How did you came up with the idea to make an ear tag with LED light?
“The system was designed from the start with concentrated cattle operations such as feedlots in mind. Feedlots tend to be highly organised and know which animals are in which pens. However, when a pen rider has to single out a specific animal in a pen there needs be to some visual indicator to help in narrowing down to the individual animal level. Hence the LED light on the ear tag, which is visible during the day and night.”
Is disease control in feedlots a problem? And how does your system help?
“The problem seems to be which animals to focus on. Like finding a needle in a haystack so to speak. Since the cattle hide their symptoms from humans, we don’t pick up on illness until late in the process. Our ear tags monitor the cattle 24/7 and therefore the cattle don’t need to hide their symptoms. Therefore picking up illness sooner than humans. This allows for early treatment.”
Does it require a specific software or hardware?
“To minimise the infrastructure requirements for the system, we developed our own base station that is installed in the cattle operation. The base station sends the data from each ear tag to our cloud servers. That is where we do the bulk of our processing and provide useful information back to the cattle producer via a web-based software dashboard.”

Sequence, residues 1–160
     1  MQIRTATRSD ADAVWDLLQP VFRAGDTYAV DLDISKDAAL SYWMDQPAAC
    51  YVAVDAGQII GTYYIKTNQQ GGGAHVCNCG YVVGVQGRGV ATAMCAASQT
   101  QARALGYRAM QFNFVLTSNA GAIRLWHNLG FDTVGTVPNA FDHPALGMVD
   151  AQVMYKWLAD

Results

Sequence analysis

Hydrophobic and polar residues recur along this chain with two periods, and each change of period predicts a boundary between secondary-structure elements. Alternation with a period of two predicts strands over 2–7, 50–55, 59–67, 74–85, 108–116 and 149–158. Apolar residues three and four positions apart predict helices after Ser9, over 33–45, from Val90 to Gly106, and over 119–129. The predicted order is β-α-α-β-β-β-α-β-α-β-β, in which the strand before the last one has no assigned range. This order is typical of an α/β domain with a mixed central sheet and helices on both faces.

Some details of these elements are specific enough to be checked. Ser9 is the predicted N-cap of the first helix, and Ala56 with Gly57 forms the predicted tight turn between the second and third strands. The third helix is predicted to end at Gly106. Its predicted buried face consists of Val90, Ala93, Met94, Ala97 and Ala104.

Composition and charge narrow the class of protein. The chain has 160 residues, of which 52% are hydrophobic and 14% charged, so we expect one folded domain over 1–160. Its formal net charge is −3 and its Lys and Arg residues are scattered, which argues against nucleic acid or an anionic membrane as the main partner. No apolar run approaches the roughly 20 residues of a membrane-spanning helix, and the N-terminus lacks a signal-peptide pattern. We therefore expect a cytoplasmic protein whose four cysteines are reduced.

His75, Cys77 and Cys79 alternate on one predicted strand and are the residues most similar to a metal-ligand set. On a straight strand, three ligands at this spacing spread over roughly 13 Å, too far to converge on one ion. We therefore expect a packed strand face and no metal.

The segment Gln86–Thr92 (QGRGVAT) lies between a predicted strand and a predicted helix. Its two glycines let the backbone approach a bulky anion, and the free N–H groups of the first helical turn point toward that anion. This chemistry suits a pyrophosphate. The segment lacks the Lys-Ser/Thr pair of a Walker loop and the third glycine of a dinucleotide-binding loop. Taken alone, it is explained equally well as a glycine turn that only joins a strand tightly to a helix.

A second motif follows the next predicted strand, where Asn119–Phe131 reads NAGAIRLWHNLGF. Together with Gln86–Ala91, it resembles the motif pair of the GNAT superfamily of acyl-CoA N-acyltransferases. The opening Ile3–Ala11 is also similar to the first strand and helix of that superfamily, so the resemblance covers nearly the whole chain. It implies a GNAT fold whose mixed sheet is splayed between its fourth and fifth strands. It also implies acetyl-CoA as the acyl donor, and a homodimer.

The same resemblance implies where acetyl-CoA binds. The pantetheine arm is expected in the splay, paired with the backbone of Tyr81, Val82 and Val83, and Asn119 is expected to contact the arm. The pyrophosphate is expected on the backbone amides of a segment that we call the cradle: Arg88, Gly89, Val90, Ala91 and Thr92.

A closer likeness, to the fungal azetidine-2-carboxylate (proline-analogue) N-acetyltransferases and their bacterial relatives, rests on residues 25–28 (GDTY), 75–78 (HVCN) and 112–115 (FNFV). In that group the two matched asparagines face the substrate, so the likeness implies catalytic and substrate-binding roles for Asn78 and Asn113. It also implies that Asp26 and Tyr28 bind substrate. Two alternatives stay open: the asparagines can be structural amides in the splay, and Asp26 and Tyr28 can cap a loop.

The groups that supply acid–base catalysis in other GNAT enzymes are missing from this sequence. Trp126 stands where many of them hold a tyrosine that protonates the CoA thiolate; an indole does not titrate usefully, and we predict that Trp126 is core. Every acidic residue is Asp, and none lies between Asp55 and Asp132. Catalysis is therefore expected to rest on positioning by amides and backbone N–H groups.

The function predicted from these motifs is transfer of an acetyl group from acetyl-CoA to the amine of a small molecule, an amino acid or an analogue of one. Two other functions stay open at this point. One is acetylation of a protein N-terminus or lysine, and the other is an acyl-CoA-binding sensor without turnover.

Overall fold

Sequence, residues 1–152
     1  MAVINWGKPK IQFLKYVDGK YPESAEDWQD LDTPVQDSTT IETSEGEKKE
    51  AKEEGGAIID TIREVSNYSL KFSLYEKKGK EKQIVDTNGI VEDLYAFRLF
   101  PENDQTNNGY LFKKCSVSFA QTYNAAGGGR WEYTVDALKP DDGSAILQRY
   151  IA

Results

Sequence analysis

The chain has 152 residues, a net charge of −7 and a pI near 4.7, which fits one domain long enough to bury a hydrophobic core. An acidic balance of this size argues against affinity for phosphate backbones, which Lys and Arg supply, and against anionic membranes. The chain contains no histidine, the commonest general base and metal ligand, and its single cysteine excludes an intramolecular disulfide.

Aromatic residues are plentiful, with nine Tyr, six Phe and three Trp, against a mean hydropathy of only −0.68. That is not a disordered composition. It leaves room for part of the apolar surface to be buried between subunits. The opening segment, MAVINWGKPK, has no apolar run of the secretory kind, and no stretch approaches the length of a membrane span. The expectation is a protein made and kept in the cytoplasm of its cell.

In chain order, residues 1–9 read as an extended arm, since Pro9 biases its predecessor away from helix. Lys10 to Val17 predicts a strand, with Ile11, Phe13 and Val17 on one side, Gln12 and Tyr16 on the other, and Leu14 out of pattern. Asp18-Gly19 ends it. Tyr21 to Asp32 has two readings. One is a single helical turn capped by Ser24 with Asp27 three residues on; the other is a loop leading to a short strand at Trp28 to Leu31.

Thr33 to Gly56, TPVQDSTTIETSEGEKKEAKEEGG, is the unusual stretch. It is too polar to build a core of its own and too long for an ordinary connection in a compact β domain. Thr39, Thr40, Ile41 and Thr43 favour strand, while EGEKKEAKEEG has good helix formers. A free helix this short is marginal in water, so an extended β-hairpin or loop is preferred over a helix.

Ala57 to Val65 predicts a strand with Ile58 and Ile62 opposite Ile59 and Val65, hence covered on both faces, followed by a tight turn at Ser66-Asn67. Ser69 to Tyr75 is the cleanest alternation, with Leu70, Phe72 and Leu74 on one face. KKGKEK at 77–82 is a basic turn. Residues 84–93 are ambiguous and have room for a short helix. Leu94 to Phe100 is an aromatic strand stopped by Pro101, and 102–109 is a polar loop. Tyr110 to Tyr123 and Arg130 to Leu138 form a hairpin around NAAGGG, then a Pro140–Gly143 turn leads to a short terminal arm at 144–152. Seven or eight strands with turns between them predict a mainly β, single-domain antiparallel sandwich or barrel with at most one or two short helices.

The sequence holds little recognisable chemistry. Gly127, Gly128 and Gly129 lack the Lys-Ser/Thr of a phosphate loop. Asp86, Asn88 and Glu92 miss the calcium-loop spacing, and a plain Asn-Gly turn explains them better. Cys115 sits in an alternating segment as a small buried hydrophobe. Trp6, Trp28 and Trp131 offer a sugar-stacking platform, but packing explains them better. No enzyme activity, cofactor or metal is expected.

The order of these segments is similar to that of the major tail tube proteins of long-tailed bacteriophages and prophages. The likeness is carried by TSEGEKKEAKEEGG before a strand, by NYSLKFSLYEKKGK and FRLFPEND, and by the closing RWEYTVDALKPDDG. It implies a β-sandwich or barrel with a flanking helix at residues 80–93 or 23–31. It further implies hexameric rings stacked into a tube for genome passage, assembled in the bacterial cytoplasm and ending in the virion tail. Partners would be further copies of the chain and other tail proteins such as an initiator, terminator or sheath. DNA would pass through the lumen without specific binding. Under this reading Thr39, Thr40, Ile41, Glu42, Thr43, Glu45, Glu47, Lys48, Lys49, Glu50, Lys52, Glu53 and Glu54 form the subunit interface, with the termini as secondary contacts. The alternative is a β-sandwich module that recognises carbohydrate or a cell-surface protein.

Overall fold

How accurate is the sensor and what are the costs?
“Our system does comparisons of data between animals. So, the sensitivity of the electronics is within this requirement. The antenna and base station install with tagging tool is a one-time fee of US$ 6,000. Then it’s $ 15 per head for the ear tag and software. So, the cattle producer can decide how many head would make sense for them.”
How does the tag know the animal is sick?
“The specifics of how our algorithms work is proprietary. However, I can tell you that it is indeed enough to detect illness. The temperature and activity combined are good indicators in our experience. Bovine Respiratory Disease (BRD) is the most common cause of mortality and morbidity in US cattle feedlots (NAHMS, 2011). And therefore, our trials have a major focus on this. Our trials have thus far focused on early detection of illness in feedlots. And the results have shown that our system is able to flag animals with illness several days before clinical observation.”
What are the next steps to commercialise it?
“We’ve had several IP filings over the years. But will continue to add as we progress. We have also conducted some early clinical trials with very positive results. Now we are just in the process of completing fine-tuning through internal studies before a full launch.”
Will it only be available in the US and only for beef cattle?
“We are focused on launching this technology in the US for feedlots and stocker/backgrounders. Also there has been much interest from other countries such as Australia, Brazil, etc. Producers in the dairy industry have also shown great interest, although we have not done any testing there.”